By Jeff Field
When picking your mouse and keyboard, personal preference and comfort have to take precedence over any whiz-bang features. Most serious computer users use their mice and keyboards quite a bit during the course of a workday, or when at home, and as such they need devices that will be comfortable being used a long time. Microsoft, while not exactly popular with the Open Source crowd, makes some of the most popular input devices out there. However, there are cheaper alternatives that are just as good, if not better.
The Logitech Wheel Mouse Optical is the latest in Logitech's long line of mice and trackballs. Logitech is the other big name in input devices, and for good reason, because the company offers a wide range of input devices designed to the fit the need of every user, from the gamer (with its line of gamepads and joysticks) to the everyday home user with its keyboards, mice and speakers. Logitech's latest mouse is a two-button wheel mouse priced at $29.99 at most stores.
What makes the Logitech special is the fact that, like Microsoft's Intellieye line of mice, this mouse uses an optical sensor in order to track mouse movements. This lets the mouse operate on any non-reflective surface, such as a desktop or a leg. This means you don't need to waste money on mouse pads, which wear down. The other advantage of not having a wheel is that there are fewer moving parts to break down, in theory making a longer lasting mouse. Of course, there are exceptions to every rule, and in fact my Microsoft Intellimouse with Intellieye just had the eye on it die a few weeks ago. The other advantage is that you never have to clean your mouse because there are no moving parts to get dirt and dust caught on them. I have to clean my traditional mice every week or two or the tracking gets quite sloppy.
When using the mouse under XFree86 on Mandrake 7.2, setting up the mouse as a Microsoft Intellimouse was all I needed to get the mouse working with its wheel in X. The mouse worked extremely well, in fact the only problem I had with it was that XFree86 in Mandrake apparently didn't like starting up the mouse while the Belkin Omnicube was set to another machine. However, that doesn't really say anything about the mouse. The mouse is dual USB/PS/2, and you can convert the PS/2 to serial so the entire range of input types is supported, two of them out of the box.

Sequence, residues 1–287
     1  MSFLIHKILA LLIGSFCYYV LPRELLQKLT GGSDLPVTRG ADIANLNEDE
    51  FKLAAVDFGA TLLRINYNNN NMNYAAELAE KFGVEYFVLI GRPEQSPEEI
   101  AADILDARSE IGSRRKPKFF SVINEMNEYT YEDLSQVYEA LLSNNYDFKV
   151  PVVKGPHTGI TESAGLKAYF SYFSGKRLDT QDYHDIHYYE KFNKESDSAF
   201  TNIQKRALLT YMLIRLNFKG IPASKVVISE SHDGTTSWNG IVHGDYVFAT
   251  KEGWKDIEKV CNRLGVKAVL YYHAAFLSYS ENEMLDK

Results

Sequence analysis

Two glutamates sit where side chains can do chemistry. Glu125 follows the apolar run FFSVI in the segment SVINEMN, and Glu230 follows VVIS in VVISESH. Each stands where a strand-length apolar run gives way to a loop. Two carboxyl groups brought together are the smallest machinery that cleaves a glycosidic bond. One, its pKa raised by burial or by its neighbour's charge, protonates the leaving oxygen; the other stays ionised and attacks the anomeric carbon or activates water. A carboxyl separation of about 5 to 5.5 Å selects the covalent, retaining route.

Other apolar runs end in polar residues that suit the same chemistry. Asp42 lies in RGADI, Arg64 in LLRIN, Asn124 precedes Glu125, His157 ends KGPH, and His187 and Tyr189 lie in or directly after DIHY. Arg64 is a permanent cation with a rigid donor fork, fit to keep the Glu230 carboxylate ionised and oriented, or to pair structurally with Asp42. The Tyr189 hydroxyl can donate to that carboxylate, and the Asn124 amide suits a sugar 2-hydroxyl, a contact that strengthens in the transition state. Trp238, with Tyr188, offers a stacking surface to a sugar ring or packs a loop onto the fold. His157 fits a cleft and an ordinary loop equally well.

An interesting side note on the packaging: On the outside of each Logitech Wheel Mouse Optical, there is a small red flashing light. It's supposed to grab your attention and show you what the bottom of an optical mouse is like. This wouldn't be worth noting if, when opened, the box didn't reveal two Duracell Ultra batteries that power this thing. Now, don't get me wrong, I like flashing lights as much as the next guy, but those batteries are not exactly the cheapest available. I wonder how much cost is added by these batteries, or if Logitech isn't passing the cost on to the consumer, how much they waste on this little gimmick?
Comfort is a big factor when picking an input device. And while comfort depends on individual tastes, it's fairly easy to tell what most users will like or dislike about a certain design. For instance, I myself like the design of the Wheel Mouse Optical because it fits nicely under my pointer and middle finger. However, to some people this mouse would be too small, and they might prefer the large size of the Microsoft Intellimouse with Intellieye. And, in the end, the comfort of the design should matter more than the features. For those who like smaller mice, however, the Wheel Mouse Optical does have an excellent array of features, so it's certainly a nice option.
The mouse movement was smooth and extremely responsive, and the buttons on the mouse are firm and easy to click; in fact, they feel a good bit nicer than those on the big Microsoft Intellimouse Explorer, which felt sort of soft when you clicked them, and also had a tendency to get stuck.
The Logitech Wheel Mouse is a nice optical mouse, and an excellent alternative to Microsoft's line of mice. However, as I've said, mice should be chosen based on individual preferences. For a school, the Logitech is a nice option because it can be had for $25 or less, and it eliminates the all-to-common problem in high schools of disappearing mouse balls. For businesses with hundreds of machines, such a low-priced mouse with low maintenance can be a blessing. Overall, the Wheel Mouse provides all the functionality the average user needs, and does so comfortably for a low cost. It can be found on Pricewatch for as low as $18.
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